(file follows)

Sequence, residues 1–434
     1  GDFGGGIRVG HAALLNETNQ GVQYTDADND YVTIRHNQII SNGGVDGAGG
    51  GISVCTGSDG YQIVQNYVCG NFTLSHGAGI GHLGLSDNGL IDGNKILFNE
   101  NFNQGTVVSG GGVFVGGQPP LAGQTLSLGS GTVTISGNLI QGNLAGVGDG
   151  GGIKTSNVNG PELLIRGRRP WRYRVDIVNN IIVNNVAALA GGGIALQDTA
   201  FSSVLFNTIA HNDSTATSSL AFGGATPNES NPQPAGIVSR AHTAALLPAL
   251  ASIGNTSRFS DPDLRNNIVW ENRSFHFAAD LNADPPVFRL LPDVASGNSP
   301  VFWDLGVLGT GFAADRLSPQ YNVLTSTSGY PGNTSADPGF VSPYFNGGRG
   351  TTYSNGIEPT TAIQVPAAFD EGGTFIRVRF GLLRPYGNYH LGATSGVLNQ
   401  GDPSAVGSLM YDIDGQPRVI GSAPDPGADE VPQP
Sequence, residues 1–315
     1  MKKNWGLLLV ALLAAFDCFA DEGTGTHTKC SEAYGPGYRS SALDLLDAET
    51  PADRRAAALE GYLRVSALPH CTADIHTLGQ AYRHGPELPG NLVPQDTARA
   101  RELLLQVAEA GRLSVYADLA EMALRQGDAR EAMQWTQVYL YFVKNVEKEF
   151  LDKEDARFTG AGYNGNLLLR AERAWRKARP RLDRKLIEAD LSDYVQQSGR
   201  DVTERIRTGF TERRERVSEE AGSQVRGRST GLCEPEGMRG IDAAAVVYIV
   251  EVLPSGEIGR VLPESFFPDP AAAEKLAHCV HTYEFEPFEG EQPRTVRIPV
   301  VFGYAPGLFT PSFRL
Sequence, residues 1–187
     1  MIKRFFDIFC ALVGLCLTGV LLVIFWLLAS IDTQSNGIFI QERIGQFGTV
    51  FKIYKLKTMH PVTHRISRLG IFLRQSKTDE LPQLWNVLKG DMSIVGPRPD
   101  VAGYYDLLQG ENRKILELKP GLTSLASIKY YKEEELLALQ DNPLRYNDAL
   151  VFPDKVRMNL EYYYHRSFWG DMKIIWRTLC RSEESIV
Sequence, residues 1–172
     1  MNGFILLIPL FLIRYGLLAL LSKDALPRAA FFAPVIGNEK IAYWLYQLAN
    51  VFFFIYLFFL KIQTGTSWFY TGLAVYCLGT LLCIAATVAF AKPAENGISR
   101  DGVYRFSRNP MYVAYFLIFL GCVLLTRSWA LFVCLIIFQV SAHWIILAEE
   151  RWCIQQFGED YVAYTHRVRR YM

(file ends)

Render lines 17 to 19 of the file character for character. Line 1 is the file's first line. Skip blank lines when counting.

   251  EVLPSGEIGR VLPESFFPDP AAAEKLAHCV HTYEFEPFEG EQPRTVRIPV
   301  VFGYAPGLFT PSFRL
Sequence, residues 1–187